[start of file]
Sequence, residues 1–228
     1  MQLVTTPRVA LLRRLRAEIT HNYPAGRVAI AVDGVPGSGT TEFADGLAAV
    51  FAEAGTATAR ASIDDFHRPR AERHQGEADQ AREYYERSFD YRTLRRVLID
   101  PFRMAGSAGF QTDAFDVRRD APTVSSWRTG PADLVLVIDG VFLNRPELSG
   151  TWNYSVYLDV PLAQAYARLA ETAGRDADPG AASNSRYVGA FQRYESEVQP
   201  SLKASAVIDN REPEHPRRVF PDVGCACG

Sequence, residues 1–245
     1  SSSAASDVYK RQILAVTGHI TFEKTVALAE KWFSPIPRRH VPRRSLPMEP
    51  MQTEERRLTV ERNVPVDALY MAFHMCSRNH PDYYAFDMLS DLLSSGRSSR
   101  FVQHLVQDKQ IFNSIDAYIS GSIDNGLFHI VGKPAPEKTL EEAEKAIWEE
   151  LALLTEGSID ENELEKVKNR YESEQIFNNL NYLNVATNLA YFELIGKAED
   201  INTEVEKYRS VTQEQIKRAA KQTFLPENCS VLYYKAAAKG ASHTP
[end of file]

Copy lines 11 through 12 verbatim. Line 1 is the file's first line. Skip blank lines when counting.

   151  LALLTEGSID ENELEKVKNR YESEQIFNNL NYLNVATNLA YFELIGKAED
   201  INTEVEKYRS VTQEQIKRAA KQTFLPENCS VLYYKAAAKG ASHTP